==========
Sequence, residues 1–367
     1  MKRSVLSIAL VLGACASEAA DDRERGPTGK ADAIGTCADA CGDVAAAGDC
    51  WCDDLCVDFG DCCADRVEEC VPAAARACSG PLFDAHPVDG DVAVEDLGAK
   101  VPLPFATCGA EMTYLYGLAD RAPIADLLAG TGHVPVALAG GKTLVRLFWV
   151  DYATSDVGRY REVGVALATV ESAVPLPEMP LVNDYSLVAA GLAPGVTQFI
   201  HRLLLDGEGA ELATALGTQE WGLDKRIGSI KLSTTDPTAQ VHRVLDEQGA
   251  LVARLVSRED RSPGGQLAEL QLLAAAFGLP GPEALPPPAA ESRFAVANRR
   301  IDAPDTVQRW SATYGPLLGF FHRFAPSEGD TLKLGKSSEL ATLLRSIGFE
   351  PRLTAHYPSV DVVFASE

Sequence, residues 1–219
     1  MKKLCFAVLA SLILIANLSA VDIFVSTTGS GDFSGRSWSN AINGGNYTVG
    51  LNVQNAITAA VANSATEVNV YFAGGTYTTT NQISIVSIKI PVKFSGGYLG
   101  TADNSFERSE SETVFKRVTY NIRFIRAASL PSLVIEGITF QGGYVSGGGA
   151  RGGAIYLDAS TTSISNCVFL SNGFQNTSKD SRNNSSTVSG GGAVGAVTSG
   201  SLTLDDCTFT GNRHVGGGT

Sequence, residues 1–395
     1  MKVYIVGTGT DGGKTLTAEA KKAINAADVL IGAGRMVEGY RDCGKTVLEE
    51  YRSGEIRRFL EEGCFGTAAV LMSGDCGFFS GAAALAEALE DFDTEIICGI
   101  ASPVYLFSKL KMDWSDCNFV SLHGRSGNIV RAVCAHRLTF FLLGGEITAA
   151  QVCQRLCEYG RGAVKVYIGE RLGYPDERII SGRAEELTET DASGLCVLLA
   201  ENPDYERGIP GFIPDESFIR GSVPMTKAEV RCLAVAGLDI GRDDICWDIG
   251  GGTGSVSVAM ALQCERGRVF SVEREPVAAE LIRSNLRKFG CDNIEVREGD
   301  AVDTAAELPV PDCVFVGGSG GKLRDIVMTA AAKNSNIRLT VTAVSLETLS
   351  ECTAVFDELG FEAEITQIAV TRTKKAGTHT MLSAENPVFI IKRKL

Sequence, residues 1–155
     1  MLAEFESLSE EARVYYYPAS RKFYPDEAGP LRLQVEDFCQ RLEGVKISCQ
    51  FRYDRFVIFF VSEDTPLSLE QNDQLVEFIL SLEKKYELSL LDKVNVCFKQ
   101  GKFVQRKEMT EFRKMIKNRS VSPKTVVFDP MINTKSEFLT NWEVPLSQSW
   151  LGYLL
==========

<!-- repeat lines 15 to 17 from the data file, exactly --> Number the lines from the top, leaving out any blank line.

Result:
   201  SLTLDDCTFT GNRHVGGGT

Sequence, residues 1–395
     1  MKVYIVGTGT DGGKTLTAEA KKAINAADVL IGAGRMVEGY RDCGKTVLEE